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Parts of that law were struck down last year by the Supreme Court. Now, as it stands, 34 U.S. states already have some type of voter ID law, and the introduction of these laws has intensified since the Supreme Court ruling.

Using politically loaded language, in reference to the Jim Crow era, Attorney General Eric Holder has called these new voter ID laws a "poll tax."

Here's what some studies say about their impact:

—Researchers at the universities of Washington, Mexico and Northern Arizona concluded that white voters in Indiana were 12 per cent more likely than blacks to have the proper ID, and Republicans were 15 per cent more likely to have it than Democrats.

—In a national study, researchers at the University of Chicago and Washington University in St. Louis concluded that black youth were 22 per cent more likely than whites to be asked to show ID, and that 13 per cent more black youth said their lack of adequate ID kept them from voting.

—Statistics guru Nate Silver estimated in 2012 that voter ID laws would reduce turnout by 2.4 per cent in Pennsylvania and help Republicans by 1.2 per cent. He predicted a similar pattern in Kansas, and lesser echoes in Idaho, Tennessee, Oklahoma, Rhode Island and Utah.

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Republicans have called these measures a question of fairness, and of protecting the integrity of the voting system. But one party official veered wildly off-script, and was fired after sharing his politically incorrect thoughts in public.

North Carolina Republican precinct captain Don Yelton conceded that there had only been one or two cases of fraud in his county of 60,000 voters — but, he said, the new rules would have another type of impact.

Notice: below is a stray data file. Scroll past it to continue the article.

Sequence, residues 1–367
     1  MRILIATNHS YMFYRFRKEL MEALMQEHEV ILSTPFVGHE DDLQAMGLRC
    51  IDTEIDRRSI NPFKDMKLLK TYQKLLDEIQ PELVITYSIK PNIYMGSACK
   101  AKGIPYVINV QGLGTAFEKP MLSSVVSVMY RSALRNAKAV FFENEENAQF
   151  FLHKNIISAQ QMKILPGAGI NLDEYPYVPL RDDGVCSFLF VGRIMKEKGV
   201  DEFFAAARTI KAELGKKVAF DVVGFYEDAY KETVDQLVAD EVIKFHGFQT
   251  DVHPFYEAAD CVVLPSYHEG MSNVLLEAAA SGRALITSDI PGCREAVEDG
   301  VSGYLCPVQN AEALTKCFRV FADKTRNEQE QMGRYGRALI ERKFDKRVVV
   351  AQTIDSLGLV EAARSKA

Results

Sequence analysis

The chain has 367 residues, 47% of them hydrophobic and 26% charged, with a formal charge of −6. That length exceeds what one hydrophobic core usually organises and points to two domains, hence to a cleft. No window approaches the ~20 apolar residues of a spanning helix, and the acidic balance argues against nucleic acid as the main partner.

"The law is gonna kick the Democrats in the butt," he told a comedian-interviewer from the Daily Show.

"If it hurts a bunch of college kids that's too lazy to get up off their bump and go get a photo ID, so be it. If it hurts the whites, so be it. If it hurts a bunch of lazy blacks that want the government to give them everything, so be it."

The Canadian government will not say a word about the American debate. In fact, multiple inquiries into whether it bothered consulting the U.S. data — or drew any inspiration from it — met with non-responses.

Several phone calls and emails to minister Pierre Poilievre's office, asking specifically about those American studies, produced a 429-word written reply that did not include a single reference to the U.S.

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"When drafting the legislation, the minister was very fortunate to have such a wealth of information from our electoral agency," said an email from his office.

That email referred to a report for Elections Canada that said there were irregularities in 25 per cent of cases involving vouching in the 2011 election. Irregularities do not necessarily equal fraud, the report notes.

"There is almost no evidence of fraud in U.S. elections," said David Lublin, a political-science professor at American University. He's an expert in U.S. elections and Southern politics, and he also knows Canadian politics well.

"The real question here should be, 'What is the problem? And is the solution being proposed by the Conservative government appropriate to the problem?"'

Editor's note: An earlier version of this story stated that voters would be able to vote with one medicare card in Canada. This is only true if a province's medicare card includes a photo and address. This version of the story has been corrected.